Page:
bind by mapping a node’s memory to tasks as specified where <list> is <cpuid1>,<cpuid2>,...<cpuidN>. CPU IDs are interpreted as decimal values unless they are preceded with ’0x’ in which case they interpreted as hexadecimal values (not recommended)
mask_mem:<list>
  bind by setting memory masks on tasks as specified where <list> is <mask1>,<mask2>,...<maskN>. memory masks are always interpreted as hexadecimal values. Note that masks must be preceded with a ’0x’ if they don’t begin with [0-9] so they are seen as numerical values by srun.
help show this help message

--mincpus=<n>
  Specify a minimum number of logical cpus/processors per node.

-N, --nodes=<minnodes[-maxnodes]>
  Request that a minimum of minnodes nodes be allocated to this job. A maximum node count may also be specified with maxnodes. If only one number is specified, this is used as both the minimum and maximum node count. The partition’s node limits supersede those of the job. If a job’s node limits are outside of the range permitted for its associated partition, the job will be left in a PENDING state. This permits possible execution at a later time, when the partition limit is changed. If a job node limit exceeds the number of nodes configured in the partition, the job will be rejected. Note that the environment variable SLURM_NNODES will be set to the count of nodes actually allocated to the job. See the ENVIRONMENT VARIABLES section for more information. If -N is not specified, the default behavior is to allocate enough nodes to satisfy the requirements of the -n and -c options. The job will be allocated as many nodes as possible within the range specified and without delaying the initiation of the job. The node count specification may include a numeric value followed by a suffix of "k" (multiplies numeric value by 1,024) or "m" (multiplies numeric value by 1,048,576).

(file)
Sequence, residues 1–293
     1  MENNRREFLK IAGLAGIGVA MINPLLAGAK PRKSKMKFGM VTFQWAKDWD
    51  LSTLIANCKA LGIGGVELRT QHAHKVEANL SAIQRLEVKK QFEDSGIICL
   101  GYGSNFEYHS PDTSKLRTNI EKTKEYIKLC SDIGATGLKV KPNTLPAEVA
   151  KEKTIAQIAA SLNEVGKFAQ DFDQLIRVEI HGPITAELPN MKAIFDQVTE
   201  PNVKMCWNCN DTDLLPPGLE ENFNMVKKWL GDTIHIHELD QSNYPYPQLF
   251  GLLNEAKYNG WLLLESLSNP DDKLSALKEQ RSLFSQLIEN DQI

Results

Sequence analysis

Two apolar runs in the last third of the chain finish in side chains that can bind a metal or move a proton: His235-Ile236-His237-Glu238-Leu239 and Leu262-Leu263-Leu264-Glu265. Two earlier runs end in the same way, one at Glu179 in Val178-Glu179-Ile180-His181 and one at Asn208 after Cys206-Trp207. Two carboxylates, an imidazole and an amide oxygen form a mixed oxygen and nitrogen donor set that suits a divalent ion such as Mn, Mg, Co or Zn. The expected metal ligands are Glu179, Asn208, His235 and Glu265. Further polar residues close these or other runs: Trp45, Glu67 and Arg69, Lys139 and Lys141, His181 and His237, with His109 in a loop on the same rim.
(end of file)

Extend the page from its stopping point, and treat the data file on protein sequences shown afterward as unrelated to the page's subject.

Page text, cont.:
-n, --ntasks=<number>
  salloc does not launch tasks, it requests an allocation of resources and executed some command. This option advises the Slurm controller that job steps run within this allocation will launch a maximum of number tasks and sufficient resources are allocated to accomplish this. The default is one task per node, but note that the --cpus-per-task option will change this default.

--network=<type>
  Specify information pertaining to the switch or network. The interpretation of type is system dependent. This option is supported when running Slurm on a Cray natively. It is used to request using Network Performace Counters. Only one value per request is valid. All options are case in-sensitive. In this configuration supported values include:
system Use the system-wide network performance counters. Only nodes requested will be marked in use for the job allocation. If the job does not fill up the entire system the rest of the nodes are not able to be used by other jobs using NPC, if idle their state will appear as PerfCnts. These nodes are still available for other jobs not using NPC.
blade Use the blade network performance counters. Only nodes requested will be marked in use for the job allocation. If the job does not fill up the entire blade(s) allocated to the job those blade(s) are not able to be used by other jobs using NPC, if idle their state will appear as PerfCnts. These nodes are still available for other jobs not using NPC.

In all cases the job allocation request must specify the --exclusive option. Otherwise the request will be denied.

Also with any of these options steps are not allowed to share blades, so resources would remain idle inside an allocation if the step running on a blade does not take up all the nodes on the blade.

The network option is also supported on systems with IBM’s Parallel Environment (PE). See IBM’s LoadLeveler job command keyword documentation about the keyword "network" for more information. Multiple values may be specified in a comma separated list. All options are case in-sensitive. Supported values include:
BULK_XFER[=<resources>]